It may seem logical, but an Artificial Intelligence cannot, at the moment, appear as responsible for a patent. This is just the case for US Federal Judge Leonie Brikema, who came across a case that intended it.
It all started when Stephen Thaler, from the Artificial Inventor Project, filed a patent including IA DABUS as its inventor. The Patent and Trademark Office rejected it, and Thaler wanted to bring it to justice.
DABUS was registered as an inventor of a new type of flashing light and a beverage container, but according to US law, you have to be an “individual” in order to appear as the inventor of a patent.
But the fact is that not only Artificial Intelligence are excluded from this sector, neither companies nor states can claim to be inventors of a patent.
For Thaler, this is a problem that does not encourage innovation, although it is clear that from a legal point of view there is no way to take it, since it is not possible to sue or argue with an algorithm (at least in 2021).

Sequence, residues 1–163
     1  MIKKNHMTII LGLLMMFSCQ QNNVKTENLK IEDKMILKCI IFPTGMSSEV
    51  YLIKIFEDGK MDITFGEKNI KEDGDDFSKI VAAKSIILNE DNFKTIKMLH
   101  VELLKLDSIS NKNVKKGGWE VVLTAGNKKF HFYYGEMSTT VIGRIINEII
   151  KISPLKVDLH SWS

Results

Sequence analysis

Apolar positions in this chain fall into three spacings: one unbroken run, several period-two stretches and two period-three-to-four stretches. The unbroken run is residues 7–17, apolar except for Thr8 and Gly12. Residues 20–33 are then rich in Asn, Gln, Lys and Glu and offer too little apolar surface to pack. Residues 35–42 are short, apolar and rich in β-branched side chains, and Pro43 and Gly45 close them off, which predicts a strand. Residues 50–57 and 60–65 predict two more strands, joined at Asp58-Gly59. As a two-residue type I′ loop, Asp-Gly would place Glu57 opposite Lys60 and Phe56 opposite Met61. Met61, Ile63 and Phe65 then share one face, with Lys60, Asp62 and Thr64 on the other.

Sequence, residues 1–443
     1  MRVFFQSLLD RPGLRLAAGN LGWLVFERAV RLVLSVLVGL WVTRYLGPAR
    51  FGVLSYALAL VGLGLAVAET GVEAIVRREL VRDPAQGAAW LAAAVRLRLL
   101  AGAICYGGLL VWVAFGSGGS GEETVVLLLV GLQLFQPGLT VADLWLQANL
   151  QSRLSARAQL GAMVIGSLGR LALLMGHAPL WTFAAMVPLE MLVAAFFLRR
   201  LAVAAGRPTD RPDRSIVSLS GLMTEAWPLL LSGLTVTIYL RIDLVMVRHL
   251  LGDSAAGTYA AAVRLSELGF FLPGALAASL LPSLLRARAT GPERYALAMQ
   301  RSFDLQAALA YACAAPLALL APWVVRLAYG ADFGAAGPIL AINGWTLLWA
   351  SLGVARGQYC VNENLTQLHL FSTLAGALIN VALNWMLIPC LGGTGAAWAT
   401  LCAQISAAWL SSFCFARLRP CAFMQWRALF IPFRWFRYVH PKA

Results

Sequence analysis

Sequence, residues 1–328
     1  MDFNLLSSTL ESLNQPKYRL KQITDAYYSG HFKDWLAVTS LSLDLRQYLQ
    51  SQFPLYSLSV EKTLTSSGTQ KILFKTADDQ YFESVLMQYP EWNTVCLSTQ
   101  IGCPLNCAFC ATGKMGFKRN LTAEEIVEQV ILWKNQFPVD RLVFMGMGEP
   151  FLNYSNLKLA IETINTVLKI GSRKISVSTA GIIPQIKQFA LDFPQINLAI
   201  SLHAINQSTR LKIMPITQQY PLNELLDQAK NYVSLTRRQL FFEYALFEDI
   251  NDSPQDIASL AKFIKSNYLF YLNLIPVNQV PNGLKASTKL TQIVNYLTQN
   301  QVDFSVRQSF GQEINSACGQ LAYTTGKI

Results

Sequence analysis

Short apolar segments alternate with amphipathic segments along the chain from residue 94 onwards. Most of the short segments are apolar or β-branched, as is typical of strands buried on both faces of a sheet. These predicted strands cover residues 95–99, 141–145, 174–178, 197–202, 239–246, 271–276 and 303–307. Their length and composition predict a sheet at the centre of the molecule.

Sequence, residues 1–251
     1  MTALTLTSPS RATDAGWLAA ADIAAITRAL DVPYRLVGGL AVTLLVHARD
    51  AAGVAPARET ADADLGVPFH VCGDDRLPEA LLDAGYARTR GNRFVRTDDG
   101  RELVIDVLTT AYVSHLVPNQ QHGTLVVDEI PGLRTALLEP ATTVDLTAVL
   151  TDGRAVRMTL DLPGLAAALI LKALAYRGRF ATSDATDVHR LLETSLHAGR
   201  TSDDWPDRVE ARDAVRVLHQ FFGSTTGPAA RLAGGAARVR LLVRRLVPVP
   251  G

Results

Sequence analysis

According to Stephen Thaler, including AI as an inventor of patents would lead to more AIs capable of producing patentable results being developed, by making those results more valuable.
The conclusion is that, today, Artificial Intelligence cannot invent or create without human intervention, and that is a sufficient argument not to allow something like that proposed by Thaler in his case.